Prof. Ben Naanen reveals why fight against oil theft is not yielding result in Niger Delta
A report by Professor of Economic History at the University of Port Harcourt, Ben Naanen, has said measures adopted by the Federal Government and oil companies in the fight against oil theft in Nigeria are not yielding results because of inadequate capacity and compromise by agencies entrusted with the responsibility, coupled with deep involvement of the elite, and failure of the judicial system to speedily prosecute suspects, among other factors.
Naanen, who is also the Director, Niger Delta Environment and Relief Fund (NDEREF), stressed the need for new thinking and action on regularising illegal refining sector and drafting modalities to achieving it.
Naanen made the submissions, yesterday, in Port Harcourt while presenting an ‘Interim Report On Combating Upstream Oil Theft and Pipeline Vandalism in Nigeria, Using International Best Practices.’
According to him, modalities for regularising illegal refining sector will be beneficial because it can service local economy, improve technology and boost revenue generation.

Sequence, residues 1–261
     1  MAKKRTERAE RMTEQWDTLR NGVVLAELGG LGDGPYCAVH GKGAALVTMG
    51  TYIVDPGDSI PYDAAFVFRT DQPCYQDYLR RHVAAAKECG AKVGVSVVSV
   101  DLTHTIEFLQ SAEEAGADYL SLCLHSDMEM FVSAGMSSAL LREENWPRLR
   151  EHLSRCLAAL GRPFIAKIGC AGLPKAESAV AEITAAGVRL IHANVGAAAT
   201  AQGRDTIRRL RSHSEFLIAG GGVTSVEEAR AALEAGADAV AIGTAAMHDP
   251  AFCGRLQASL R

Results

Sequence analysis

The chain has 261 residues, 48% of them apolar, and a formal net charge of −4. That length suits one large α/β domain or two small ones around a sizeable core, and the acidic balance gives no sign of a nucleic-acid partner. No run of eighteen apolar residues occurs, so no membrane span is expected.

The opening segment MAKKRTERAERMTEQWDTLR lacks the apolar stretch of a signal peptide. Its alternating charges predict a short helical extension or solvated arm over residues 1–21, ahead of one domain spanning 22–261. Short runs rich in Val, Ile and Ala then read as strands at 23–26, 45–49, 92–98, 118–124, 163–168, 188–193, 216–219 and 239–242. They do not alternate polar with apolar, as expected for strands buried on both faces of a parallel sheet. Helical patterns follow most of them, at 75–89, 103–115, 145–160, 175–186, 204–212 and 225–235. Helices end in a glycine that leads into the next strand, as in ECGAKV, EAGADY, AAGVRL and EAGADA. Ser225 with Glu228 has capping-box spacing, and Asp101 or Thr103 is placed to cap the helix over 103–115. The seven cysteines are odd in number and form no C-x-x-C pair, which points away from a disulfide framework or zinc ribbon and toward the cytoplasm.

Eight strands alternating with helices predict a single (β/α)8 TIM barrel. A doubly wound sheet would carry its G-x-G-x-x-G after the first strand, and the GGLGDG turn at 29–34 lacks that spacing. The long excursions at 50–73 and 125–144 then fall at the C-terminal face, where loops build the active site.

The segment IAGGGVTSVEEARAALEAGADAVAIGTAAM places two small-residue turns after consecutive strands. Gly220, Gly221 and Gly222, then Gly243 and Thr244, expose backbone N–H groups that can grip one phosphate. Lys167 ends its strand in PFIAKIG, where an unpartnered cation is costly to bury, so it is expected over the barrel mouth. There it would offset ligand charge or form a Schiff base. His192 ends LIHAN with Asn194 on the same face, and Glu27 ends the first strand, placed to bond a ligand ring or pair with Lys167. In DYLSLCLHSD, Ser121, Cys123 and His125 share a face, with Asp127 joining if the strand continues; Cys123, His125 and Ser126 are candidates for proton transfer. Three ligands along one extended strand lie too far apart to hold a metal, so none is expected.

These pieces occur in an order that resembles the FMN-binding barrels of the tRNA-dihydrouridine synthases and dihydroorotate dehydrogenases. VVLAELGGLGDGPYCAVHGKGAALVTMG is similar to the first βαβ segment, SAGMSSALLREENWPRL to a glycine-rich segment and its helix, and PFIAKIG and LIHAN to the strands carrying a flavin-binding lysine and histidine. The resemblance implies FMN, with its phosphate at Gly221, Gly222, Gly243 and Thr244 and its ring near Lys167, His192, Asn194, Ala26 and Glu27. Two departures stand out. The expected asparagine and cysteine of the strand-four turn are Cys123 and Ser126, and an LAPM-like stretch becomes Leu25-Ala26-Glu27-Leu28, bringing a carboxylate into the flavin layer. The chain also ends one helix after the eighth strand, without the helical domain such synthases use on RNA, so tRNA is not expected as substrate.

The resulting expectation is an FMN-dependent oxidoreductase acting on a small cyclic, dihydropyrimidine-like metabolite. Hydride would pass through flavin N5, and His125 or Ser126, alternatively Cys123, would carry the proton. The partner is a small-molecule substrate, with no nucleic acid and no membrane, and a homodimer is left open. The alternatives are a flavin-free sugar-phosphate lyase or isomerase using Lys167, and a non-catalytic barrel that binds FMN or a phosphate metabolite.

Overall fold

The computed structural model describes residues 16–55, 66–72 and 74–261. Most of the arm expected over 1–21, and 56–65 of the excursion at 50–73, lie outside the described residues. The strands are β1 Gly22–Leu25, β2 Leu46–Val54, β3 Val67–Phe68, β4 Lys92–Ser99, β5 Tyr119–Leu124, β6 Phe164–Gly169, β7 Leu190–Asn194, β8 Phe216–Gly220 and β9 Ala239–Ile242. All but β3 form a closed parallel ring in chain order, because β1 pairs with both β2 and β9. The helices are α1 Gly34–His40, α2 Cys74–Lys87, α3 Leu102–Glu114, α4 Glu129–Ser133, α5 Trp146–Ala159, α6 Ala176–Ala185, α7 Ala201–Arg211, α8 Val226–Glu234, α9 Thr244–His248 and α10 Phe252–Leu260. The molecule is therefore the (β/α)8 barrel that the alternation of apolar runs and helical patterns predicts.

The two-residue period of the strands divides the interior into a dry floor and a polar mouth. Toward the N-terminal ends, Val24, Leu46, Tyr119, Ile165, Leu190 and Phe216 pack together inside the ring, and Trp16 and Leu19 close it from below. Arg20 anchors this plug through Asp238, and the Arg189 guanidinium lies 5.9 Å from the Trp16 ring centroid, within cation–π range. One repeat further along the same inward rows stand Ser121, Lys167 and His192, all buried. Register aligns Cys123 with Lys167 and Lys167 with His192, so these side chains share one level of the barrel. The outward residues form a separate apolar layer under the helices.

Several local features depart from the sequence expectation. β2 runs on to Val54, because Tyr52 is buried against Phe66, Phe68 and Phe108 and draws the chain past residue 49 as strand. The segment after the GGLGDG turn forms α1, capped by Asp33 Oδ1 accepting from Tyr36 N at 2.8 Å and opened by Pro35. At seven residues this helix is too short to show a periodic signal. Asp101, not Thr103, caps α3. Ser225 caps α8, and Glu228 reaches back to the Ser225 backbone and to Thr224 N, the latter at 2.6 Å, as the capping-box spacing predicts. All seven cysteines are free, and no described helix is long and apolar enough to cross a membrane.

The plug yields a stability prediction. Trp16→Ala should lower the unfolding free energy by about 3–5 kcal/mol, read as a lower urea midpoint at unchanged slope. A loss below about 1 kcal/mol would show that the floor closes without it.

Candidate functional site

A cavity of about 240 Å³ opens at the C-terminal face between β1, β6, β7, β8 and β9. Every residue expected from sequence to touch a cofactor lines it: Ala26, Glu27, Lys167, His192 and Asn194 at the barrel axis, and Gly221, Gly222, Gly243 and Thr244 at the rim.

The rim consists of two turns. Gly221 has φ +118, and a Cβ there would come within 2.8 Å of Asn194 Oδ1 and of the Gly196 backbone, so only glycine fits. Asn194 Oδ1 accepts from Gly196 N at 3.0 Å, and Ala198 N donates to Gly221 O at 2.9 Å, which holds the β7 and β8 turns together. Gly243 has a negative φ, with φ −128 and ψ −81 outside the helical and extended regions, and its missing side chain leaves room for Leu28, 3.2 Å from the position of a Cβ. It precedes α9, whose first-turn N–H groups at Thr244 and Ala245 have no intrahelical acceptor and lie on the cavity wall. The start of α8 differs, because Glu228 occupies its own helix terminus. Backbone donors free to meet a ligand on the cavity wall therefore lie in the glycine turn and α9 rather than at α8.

“This will enhance government revenues by taxing regularised operators, ensuring significant employment opportunities and enhancing local capacity in refining,” he noted.
According to him, modular refinery is capital intensive and cannot be a sustainable option to ending oil theft. He urged the Federal Government to develop the political will, like the Mexican government, to eradicate the menace, pointing out that the government of Mexico dealt with natural disasters within six months, and oil theft and spills stopped.